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Hirschau: Sun, fun and sand hills at Monte Kaolino

By STEVEN BEARDSLEY | STARS AND STRIPES Published: August 7, 2012

Monte Kaolino sticks out of the lush Bavarian landscape like a scar — a massive sand heap produced by decades of nearby mining.

Some enterprising soul saw opportunity in that heap, and today it provides the setting for an amusement park that draws crowds of Germans and Americans in the Grafenwöhr and Vilseck area this time of year.

With well-maintained swimming pools for children and adults, a handbrake coaster that rushes down the hill and the opportunity to climb, ski or snowboard the sand slopes, this weird attraction is a summer escape for families and thrill-seekers alike.

The sand hill has long been a fixture outside the town of Hirschau, Germany, where mining began in 1833, according to Monte Kaolino’s website. As workers extracted quartz and kaolin, they tossed the leftover sand into a growing heap.

Mining continues around Monte Kaolino today, but the hill has since been turned over to the masses and transformed into what Germans call a “freizeit,” or leisure, park.

Its most popular attraction in summer might be the swimming area. Set at the bottom of the sand hill, the area offers a lap pool for adults with a separate deep end and diving boards, as well as a large children’s pool with fountains and a kiddie pool.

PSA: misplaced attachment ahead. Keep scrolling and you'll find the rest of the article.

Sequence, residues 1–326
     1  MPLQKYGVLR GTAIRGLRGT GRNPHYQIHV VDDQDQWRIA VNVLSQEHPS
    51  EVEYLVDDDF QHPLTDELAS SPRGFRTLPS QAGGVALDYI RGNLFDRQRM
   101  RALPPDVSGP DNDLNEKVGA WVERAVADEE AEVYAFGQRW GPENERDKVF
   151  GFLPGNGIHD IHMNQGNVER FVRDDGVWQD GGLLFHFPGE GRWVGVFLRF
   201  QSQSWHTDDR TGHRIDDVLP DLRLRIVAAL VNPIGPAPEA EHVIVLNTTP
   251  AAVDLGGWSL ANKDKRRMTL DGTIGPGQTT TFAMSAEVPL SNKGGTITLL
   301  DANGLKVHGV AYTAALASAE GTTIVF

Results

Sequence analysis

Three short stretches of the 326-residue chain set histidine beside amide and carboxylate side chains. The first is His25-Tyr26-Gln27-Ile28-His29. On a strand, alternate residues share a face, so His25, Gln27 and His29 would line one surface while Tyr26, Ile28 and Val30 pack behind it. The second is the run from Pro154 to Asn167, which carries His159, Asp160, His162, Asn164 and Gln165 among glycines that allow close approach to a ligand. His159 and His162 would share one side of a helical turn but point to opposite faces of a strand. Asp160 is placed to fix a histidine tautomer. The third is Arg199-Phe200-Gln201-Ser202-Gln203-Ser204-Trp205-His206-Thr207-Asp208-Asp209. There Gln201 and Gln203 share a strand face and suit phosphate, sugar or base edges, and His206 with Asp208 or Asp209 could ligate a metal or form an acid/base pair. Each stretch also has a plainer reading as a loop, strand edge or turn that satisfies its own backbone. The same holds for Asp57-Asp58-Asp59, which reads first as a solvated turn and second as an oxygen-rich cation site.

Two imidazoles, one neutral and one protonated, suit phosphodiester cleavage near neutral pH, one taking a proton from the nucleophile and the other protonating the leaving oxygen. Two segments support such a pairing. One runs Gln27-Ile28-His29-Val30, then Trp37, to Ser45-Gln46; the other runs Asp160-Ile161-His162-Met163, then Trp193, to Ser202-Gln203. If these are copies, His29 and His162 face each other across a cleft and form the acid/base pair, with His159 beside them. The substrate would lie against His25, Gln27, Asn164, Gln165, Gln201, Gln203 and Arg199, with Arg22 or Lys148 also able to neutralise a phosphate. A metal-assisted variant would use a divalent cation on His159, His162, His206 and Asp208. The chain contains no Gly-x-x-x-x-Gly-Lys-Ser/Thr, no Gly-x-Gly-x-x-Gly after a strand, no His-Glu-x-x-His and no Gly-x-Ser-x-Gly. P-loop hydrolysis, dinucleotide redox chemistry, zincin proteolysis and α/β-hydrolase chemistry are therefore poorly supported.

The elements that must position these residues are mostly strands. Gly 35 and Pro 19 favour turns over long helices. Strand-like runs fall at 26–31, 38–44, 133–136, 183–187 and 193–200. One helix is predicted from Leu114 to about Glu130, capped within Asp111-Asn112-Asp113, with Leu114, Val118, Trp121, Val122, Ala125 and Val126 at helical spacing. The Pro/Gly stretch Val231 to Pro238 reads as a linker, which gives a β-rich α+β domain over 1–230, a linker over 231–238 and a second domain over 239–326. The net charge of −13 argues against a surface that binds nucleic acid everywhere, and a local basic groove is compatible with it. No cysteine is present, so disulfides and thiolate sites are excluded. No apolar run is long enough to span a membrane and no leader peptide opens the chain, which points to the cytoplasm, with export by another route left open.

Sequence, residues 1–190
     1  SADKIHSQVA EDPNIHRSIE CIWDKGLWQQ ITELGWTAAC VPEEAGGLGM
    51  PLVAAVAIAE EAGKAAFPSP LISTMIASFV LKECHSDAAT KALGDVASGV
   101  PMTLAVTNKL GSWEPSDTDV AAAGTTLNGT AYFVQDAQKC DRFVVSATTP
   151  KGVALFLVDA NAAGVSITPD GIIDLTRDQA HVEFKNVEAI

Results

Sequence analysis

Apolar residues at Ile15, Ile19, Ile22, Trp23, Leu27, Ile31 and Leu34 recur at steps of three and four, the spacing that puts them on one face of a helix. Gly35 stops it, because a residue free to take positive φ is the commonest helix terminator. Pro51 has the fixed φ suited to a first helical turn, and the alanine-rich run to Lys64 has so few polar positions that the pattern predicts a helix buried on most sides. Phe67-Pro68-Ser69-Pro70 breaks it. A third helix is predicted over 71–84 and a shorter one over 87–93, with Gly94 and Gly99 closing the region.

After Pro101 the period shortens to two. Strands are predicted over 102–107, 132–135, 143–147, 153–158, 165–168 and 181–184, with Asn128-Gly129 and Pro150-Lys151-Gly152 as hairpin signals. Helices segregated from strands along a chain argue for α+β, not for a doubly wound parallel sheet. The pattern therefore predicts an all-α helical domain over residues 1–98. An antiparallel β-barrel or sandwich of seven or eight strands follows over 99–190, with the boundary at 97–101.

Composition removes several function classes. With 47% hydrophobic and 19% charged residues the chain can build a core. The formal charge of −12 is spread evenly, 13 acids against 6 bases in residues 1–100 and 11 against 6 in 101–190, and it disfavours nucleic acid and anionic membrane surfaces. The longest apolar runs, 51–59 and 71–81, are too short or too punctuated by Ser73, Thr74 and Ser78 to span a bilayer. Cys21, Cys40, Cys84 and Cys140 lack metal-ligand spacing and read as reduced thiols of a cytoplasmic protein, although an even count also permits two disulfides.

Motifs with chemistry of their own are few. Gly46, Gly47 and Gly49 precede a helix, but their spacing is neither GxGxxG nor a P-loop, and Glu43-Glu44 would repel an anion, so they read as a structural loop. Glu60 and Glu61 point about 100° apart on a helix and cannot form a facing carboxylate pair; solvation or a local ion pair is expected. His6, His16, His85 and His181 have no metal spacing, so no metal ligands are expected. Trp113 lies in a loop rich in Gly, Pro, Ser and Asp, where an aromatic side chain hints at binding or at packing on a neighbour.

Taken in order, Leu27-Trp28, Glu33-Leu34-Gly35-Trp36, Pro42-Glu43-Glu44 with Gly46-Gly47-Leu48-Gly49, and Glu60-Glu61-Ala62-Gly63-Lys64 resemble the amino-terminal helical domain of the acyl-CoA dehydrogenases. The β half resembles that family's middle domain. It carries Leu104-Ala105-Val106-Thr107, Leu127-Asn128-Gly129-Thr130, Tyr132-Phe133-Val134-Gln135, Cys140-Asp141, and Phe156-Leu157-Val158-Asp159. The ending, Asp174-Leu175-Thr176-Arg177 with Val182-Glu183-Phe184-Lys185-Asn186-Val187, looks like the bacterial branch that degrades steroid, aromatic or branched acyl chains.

Families can claim beach chairs along the pools’ edges or set out towels on a grassy bank. Clean changing areas and restrooms with showers are nearby, and a restaurant and snack stand offer the basics. Admission to the pools is 3.50 euros for adults and 2 euros for children, with discounts after 5 p.m.

The park’s real attraction is the sand hill itself, which rises nearly 400 feet. Visitors can pay to take a tracked lift to the top (2.50 euros for adults, 1.50 euros for children), or they can hoof it for free by removing their shoes and following a rope guide up the side.

Depending on one’s outlook, climbing Mount Kaolino is either a challenge worth overcoming or a special kind of of hell. Every footstep sinks into the soft, pebble sand and slides backward, meaning each step forward feels like another step back.

Those who persevere will be treated to a broad view of the region, from the nearby mining operations with their deep pits and jagged white walls to spinning wind turbines over a distant tree line.

Yet it’s the descent that makes the climb worthwhile. The sand that frustrated coming up proves crucial on the way down, capturing each step and acting as a brake. Climbers can run down the hill and easily skid to a stop.

On the other side of the rope guide, away from climbers, some visitors choose to ski or snowboard down the hillside. It’s more than a novelty, as the hill recently hosted a tournament for downhill sand skiers from across the area. For those interested in trying, the Monte Kaolino sports club, located near the lift, rents equipment.

Finally, visitors can check out the handbrake coaster near the lift for an even faster way to descend the hill. A 3-euro ticket (2.50 euros for children) buys a seat in a single coaster car that is first lifted to the top of the hill by chain before being released to gravity — and a handbrake. Cars can reach as fast as 24 mph.

Whatever the method, a climb up Monte Kaolino and a dip in the pools is worth a visit on a summer day.

beardsleys@estripes.osd.mil

A young visitor at Monte Kaolino amusement park in Hirschau, Germany, struggles to climb the massive sand hill at the center of the park. Left over from decades of quartz and kaolin mining, the nearly 4 00-foot tall sand hill rewards those who persevere up its slopes with a broad view of the region.
STEVEN BEARDSLEY/STARS AND STRIP

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